For a very brief time I used an auto responder service to reply to those who “followed” me on Twitter, but I stopped quickly because I got the sense that most folks really don’t care for an automated response–and in fact might prefer no response at all to an automated one.
I find it much easier to enter into a real conversation on Twitter than it is on StumbleUpon, and I believe this is part of Twitter’s appeal. Because of the nature of Twitter, I think it’s easier to get a sense of the person on the other end of the tweet over time, and decide accordingly how far the relationship should go.
(Of course, there are phonies and con artists on Twitter, too.)
Going back to the analogy of social media being a networking party, think about this: who wants to get into conversation with someone who’s obviously phony? Or worse, who wants to stay in conversation with someone who simply wants to make a sale off of you, or isn’t even interesting to begin with?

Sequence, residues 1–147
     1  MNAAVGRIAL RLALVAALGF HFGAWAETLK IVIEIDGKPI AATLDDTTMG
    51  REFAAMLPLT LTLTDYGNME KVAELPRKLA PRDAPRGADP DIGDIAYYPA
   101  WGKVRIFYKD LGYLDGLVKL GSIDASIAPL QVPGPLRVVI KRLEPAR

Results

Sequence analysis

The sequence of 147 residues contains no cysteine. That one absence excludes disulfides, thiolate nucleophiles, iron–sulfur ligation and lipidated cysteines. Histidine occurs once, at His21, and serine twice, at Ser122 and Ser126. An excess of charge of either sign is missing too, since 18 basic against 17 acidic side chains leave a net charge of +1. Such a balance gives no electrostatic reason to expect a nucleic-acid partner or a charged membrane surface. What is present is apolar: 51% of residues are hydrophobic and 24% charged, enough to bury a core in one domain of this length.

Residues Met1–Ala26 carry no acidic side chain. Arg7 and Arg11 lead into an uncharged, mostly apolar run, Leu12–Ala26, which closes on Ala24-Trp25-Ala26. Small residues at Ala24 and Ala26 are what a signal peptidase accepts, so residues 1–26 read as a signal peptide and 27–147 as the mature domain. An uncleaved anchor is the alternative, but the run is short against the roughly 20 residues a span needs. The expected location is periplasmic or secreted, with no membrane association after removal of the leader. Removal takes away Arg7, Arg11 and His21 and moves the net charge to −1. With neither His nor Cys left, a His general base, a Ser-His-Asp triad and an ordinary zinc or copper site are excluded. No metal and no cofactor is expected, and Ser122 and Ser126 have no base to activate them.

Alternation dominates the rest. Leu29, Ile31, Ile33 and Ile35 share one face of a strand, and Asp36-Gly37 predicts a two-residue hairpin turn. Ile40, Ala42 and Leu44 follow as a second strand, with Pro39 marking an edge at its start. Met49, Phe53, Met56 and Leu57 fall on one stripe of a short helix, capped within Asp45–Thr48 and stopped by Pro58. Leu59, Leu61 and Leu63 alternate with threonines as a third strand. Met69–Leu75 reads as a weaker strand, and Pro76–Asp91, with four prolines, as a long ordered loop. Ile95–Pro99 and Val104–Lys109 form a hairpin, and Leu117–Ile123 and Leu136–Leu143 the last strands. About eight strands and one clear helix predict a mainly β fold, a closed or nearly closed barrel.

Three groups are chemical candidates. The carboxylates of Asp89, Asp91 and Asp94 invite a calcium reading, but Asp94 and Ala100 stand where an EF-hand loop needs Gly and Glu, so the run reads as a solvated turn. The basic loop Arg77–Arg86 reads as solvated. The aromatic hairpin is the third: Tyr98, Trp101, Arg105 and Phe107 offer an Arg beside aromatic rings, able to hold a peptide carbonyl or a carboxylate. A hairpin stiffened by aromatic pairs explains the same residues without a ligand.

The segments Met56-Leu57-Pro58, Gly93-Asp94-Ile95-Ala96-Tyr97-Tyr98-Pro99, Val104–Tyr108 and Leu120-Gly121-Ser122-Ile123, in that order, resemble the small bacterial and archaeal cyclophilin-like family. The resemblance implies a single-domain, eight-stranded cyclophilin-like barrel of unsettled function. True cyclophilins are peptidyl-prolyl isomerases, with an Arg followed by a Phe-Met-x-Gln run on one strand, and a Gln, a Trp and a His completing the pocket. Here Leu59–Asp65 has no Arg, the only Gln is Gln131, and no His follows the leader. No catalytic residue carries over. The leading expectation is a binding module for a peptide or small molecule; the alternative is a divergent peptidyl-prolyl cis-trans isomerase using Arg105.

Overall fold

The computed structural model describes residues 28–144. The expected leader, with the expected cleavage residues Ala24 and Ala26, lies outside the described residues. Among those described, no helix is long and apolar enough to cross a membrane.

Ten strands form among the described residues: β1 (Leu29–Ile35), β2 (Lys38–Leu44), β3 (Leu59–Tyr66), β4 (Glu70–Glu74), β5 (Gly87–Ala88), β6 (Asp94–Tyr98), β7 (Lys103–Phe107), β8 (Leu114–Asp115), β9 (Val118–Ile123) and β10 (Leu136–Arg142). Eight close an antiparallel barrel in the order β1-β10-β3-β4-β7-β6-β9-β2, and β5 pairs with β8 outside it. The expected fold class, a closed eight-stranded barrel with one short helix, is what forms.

Taking the analogy one step further, I think of my Twitter “audience” in the same way as that audience in the New Thought church. (This, I think, is an apt comparison; because most of my conversations are public, and I am potentially speaking to hundreds of people.) Though I can’t “feel” my followers (read: audience) in the same way I could feel a physical audience, because of the speaking experience I described here, I strive to be as real with them as I can.
Who we really are is something of immense value. When we share that, people can’t help but respond.
If you’re not sharing of yourself, start!